There are wedding professionals who believe that following up with prospects and leads is equivalent to stalking or harassing the couple. I know this because I’ve recently read it on one of my private Facebook industry groups. There are DJs, photographers, florists, and even wedding coordinators who believe that once a bride contacts their business, they should try to respond to the inquiry once, maybe twice… Then stop. Because anything beyond that would be considered stalking, harassment, or simply annoying. These wedding pros honestly believe that if they sit back and wait, a bride will return their call because they think the world revolves around themselves.
I suppose that there are different personality types for your prospect that would make this a reality (to learn more about personalities, connect with Vickie Musni, Certified Personality Trainer). But for most of the people that contact you, it’s simply not their reality. Many of our couples come to us after viewing our business online. My entertainment business receives a majority of inquiries after starting at Yelp, which redirects them to my website. I don’t know how else to put this:
Following up with a wedding inquiry is what the prospect expects from us.
I suspect that wedding businesses who object to an assertive follow-up plan are those who don’t feel comfortable with the sales process in the first place. These are the ones that don’t like to be referred to as salespeople, even though that’s precisely what they are (to learn more about developing an effective sales process, connect with Mitch Taylor, Gitomer Certified Advisor).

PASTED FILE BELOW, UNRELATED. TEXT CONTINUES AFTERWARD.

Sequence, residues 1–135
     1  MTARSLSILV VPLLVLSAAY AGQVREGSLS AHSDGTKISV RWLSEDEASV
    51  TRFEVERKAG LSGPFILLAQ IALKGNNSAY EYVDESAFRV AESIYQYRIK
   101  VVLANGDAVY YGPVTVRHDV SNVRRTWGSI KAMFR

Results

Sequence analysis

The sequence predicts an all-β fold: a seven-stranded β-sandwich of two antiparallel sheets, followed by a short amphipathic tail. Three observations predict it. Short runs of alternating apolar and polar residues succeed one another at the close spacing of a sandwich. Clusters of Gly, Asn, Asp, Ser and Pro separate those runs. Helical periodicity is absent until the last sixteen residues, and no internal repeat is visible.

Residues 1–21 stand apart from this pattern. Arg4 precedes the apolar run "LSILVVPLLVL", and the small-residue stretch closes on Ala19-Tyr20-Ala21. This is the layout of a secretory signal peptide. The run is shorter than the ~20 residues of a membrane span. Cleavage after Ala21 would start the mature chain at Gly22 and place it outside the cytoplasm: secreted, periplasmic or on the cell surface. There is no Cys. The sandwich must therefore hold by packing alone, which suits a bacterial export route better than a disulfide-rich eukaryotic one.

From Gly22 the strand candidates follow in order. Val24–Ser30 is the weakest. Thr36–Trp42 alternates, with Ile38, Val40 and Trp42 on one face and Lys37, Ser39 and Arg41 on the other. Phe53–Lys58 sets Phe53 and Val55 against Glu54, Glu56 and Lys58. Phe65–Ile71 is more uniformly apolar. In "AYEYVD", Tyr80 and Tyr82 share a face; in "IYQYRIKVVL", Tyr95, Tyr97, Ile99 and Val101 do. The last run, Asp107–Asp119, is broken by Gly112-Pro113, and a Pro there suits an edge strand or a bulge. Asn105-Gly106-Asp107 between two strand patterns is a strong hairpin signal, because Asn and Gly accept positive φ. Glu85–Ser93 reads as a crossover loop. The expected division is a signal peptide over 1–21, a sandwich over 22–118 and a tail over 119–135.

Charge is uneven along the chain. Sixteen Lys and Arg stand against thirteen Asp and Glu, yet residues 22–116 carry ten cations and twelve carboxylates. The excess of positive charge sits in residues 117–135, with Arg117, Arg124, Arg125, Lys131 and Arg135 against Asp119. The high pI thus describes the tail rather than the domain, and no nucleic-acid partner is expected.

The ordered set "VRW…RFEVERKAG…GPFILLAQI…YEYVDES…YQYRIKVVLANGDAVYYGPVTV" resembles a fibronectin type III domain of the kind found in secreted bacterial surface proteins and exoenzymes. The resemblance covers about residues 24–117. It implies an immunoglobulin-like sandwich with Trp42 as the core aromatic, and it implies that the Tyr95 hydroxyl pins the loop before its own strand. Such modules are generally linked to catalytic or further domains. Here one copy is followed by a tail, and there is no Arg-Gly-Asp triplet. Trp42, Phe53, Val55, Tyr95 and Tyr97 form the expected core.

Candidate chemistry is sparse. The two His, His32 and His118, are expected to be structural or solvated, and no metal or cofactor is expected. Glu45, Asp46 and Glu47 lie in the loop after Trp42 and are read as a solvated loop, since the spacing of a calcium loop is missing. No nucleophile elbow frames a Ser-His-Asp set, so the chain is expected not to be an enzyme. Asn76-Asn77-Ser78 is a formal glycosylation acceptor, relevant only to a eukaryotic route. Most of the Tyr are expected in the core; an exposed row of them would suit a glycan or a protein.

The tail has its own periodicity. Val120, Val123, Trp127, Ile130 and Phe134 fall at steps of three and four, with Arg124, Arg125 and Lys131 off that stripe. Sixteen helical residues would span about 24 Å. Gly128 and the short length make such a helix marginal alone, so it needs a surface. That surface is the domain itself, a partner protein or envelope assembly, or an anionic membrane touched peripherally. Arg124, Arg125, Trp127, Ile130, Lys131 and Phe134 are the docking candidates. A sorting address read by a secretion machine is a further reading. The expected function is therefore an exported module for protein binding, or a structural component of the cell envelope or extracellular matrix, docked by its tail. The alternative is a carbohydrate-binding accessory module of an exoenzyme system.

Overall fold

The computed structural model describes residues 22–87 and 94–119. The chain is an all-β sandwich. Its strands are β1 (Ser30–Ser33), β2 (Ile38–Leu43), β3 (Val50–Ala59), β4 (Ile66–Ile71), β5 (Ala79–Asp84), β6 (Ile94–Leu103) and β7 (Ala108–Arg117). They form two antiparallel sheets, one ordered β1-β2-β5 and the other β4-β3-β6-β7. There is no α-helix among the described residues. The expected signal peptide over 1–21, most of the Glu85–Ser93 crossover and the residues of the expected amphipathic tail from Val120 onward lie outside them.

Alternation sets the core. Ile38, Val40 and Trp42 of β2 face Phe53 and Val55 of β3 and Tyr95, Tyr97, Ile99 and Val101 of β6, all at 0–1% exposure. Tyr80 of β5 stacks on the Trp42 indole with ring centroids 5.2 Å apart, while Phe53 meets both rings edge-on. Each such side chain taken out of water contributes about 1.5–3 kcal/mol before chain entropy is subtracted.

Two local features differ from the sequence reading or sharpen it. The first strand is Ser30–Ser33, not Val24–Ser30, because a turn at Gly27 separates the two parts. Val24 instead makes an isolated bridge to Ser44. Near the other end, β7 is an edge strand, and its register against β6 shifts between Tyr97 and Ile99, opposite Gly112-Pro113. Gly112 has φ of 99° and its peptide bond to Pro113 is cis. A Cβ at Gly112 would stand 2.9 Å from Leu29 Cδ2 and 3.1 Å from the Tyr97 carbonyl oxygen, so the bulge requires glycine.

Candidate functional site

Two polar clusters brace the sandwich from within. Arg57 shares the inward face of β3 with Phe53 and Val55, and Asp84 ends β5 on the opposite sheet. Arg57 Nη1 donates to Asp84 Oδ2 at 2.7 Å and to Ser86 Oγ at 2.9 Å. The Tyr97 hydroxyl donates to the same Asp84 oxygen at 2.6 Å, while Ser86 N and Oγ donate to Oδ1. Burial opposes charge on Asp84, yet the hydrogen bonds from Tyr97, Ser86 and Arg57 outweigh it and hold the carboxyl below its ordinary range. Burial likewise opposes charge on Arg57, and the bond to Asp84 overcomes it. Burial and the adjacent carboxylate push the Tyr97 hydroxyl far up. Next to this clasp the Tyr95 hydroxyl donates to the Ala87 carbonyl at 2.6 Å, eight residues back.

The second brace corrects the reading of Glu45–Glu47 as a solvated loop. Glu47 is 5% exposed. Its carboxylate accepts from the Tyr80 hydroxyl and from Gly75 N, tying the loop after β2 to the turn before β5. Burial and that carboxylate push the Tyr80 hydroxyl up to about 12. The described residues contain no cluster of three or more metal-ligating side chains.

Those of us who are true wedding professionals realize that we were contacted by an individual who needs our help. Otherwise, why would that person have contacted you in the first place?
Many wedding professionals forget that brides and grooms have their own lives. Perhaps a soon-to-be client sends and email at 8:00am from her phone before her boss walks into her cubicle at work. Even if we call her every couple of hours, she may not be able to respond… because she is at work.
If she has emailed more service providers than just your business when she finally gets home for the evening, which wedding pro do you think she’s going to respond back to? The entertainment company that left one message, or the entertainment company that sent two emails, two text messages, and called three times?
The reason so many wedding pros believe that following up with couples is stalking is simple: They never get a callback. They don’t get the response back from a bride because their competition has proved to be more assertive and a better communicator who really wants to help. Consider that if a prospective client didn’t want you to contact them, not only wouldn’t they have called or emailed in the first place, but they would ask you to stop. And they don’t.
The couples that I’ve reached out to multiple times have told me how crazy busy their lives are and how appreciative they are that I am persistent in the process. Completely opposite of what some wedding and event sales professionals want to believe. Those companies want to believe it’s harassment because they are frightened or scared. They don’t want to upset the status quo. Trust me, nobody wants to hire a wedding pro that’s going to be lazy in the communications department.
Shockingly, this is perhaps one of the easiest ways to make your wedding company different and to have your clients raving about you on social media and to their friends (many of which are likely to be getting married soon). Don’t be the company that sits around waiting on the cows to come home wondering if they are doing the right or wrong thing. Start doing business. Start following up with your inquiries until you finally connect with them and get them to hire you or tell you no.
To discover more ways that will make your business different and stand out from the competition, join me Tuesday, October 4th at Wedding MBA for Divergent — a presentation that will highlight the 7 behavioral triggers of instantly becoming an industry leader.